. 60 healthy volunteers will be given the vaccine next month in Oxford trial
. If vaccine performs as well in humans as in monkeys, trial will be extended
. Entire trial programme is being fast-tracked – subject to ethical approval
. Hoped vaccine can be used in high-risk people in West Africa early next year
Britons are to be the first in the world to test a new vaccine against the deadly ebola virus. Altogether 60 healthy volunteers will be given the vaccine next month in a trial led by Oxford University scientists. If the vaccine performs as well in humans as in monkeys, the trial will be extended to 80 people in The Gambia and in Mali.
The entire trial programme is being fast-tracked – subject to ethical approval – with the intention of using the vaccine in people at high risk in West Africa early next year. Latest figures show that more than 1,550 people have died from the virus, with more than 3,000 confirmed cases - mostly in Guinea, Liberia and Sierra Leone. It is the worst epidemic since the disease was first identified 38 years ago and the World Health Organization (WHO) predicts the outbreak will last for many months, affecting at least 20,000 people.
At present there is no vaccine to prevent the disease and no proven treatment.
The new vaccine contains a single ebola virus protein from the strain sweeping West Africa – anyone inoculated with it cannot develop the disease itself. It is different from the experimental medicine ZMapp being used to treat William Pooley, the first Briton to contract the virus while working as a nurse at a remote health centre in Sierra Leone
. The 29-year-old is currently in isolation at London’s Royal Free Hospital.
The new trial will be led by Professor Adrian Hill, of the Jenner Institute at Oxford University, which has unprecedented experience in carrying out trials using similar types of vaccine. He said the speed with which arrangements had been made was unparalleled in 20 years of experience in the field.
He said: ‘The tragic events unfolding in Africa demand an urgent response. ‘In recent years, similar investigational vaccines have safely immunised infants and adults against a range of diseases including malaria, HIV and Hepatitis C. ‘We, and all our partners on this project, are optimistic that this candidate vaccine may prove useful against ebola.’
The vaccine is being co-developed by the US National Institutes of Health (NIH) and pharmaceutical giant GlaxoSmithKline, along with a dual vaccine containing proteins against both West Africa and Sudan strains of ebola which is being trialled in the US. The UK initiative is backed by a £2.8 million grant from the Wellcome Trust, the Medical Research Council and the UK Department for International Development. The consortium’s funding will also enable GSK to begin manufacturing up to around 10,000 additional doses of the vaccine at the same time as the initial clinical trials.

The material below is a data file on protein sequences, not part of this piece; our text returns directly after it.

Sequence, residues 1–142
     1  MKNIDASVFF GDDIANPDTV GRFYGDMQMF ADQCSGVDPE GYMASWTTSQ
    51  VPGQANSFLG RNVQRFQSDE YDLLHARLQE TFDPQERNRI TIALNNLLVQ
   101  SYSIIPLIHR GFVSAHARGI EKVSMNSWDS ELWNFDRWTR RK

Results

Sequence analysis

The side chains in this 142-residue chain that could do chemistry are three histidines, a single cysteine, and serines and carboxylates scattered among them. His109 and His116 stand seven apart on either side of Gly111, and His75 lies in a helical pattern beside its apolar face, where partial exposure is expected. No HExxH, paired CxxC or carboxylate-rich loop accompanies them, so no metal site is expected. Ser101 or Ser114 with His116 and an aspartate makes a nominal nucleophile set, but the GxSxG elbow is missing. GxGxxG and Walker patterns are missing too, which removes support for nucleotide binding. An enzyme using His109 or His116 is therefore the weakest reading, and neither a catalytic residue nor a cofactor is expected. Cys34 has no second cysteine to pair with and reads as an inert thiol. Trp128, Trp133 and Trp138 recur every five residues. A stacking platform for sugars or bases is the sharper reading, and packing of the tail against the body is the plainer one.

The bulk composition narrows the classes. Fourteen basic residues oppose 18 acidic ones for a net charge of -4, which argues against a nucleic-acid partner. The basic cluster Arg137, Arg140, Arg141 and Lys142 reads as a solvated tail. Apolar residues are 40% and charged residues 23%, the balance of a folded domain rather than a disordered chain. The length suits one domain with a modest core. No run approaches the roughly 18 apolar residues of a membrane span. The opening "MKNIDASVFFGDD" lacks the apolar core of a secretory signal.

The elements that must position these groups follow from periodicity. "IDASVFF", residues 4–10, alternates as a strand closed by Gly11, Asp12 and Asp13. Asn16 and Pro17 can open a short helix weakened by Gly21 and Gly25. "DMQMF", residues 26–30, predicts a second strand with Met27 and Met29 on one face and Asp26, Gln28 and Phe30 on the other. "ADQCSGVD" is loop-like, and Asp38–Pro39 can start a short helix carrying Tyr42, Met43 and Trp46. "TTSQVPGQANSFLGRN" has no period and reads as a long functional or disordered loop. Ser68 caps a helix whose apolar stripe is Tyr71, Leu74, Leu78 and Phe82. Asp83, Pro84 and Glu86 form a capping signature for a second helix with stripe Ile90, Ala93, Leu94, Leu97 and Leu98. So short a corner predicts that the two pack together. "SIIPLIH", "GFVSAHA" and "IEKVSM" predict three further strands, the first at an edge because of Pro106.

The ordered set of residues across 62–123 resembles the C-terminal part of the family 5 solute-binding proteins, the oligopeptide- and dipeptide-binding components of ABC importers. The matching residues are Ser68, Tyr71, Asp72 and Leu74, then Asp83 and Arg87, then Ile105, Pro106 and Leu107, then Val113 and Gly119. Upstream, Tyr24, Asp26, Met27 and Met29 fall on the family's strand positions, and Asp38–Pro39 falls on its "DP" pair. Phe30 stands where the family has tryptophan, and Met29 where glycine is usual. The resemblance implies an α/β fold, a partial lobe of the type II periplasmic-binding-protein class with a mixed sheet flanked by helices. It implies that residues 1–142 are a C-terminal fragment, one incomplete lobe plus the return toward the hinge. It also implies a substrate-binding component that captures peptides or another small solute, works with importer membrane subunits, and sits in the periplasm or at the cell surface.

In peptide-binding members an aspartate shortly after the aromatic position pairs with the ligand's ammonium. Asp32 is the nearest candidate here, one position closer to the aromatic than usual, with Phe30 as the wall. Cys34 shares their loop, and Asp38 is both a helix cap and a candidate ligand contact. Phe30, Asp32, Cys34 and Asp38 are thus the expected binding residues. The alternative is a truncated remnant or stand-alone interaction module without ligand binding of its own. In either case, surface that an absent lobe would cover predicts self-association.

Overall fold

If the trials are successful stocks could then be made available immediately by GSK to the WHO to create an emergency immunisation programme for high-risk communities. Each set of volunteers will be split into groups of 20 that will receive different doses of the vaccine so researchers can evaluate the best dose to use in terms of both safety and activity. It is being tested here and in West Africa to take account of differences between the different populations that might affect safety or immune response.
Prof Hill said successful completion of both stages of the trial in healthy volunteers could mean the vaccine is ready for large-scale use early in 2015. He said results from studies in monkeys suggest a good safety profile from the single ebola virus protein, which produced high levels of antibodies and immune-boosting white blood cells. As it does not contain infectious virus material, it cannot cause a person who is vaccinated to become infected with ebola.
The duration of response could only be discovered in ‘real-life’ situations but even if it only lasted a few months it would be enough to contain outbreaks, he said.
Dr Jeremy Farrar, director of the Wellcome Trust, said: ‘This epidemic has shown how difficult it can be to control ebola. ‘How useful drugs and vaccines might be in complementing existing public health interventions can only be assessed in epidemics. ‘The initial safety work we’re announcing today with our international partners will hopefully make that possible during this crisis and for inevitable future epidemics.’
Chief Medical Officer, Dame Sally Davies said she was pleased GSK had chosen the UK to apply for the first phase of human testing for the vaccine.
EBOLA COULD AFFECT MORE THAN 20,000, HEALTH CHIEFS WARN
. The current Ebola outbreak in West Africa could infect more than 20,000 people, the World Health Organisation has revealed in a bleak assessment of the deadly disease.
. The United Nations health agency issued plans to combat the outbreak in four West African nations - Guinea, Sierra Leone, Liberia and Nigeria - where it said the actual number of cases could already be two to four times higher than the reported 3,069.
. The current death toll stands at 1,552.
. Describing plans to tackle the West African outbreak, the WHO said: 'This roadmap assumes that in many areas of intense transmission the actual number of cases may be two-four fold higher than that currently reported.'
. The deadly West African outbreak that began in Guinea in March and has since spread to Liberia, Sierra Leone and Nigeria, requires a massive and coordinated international response, the WHO said.
By JENNY HOPE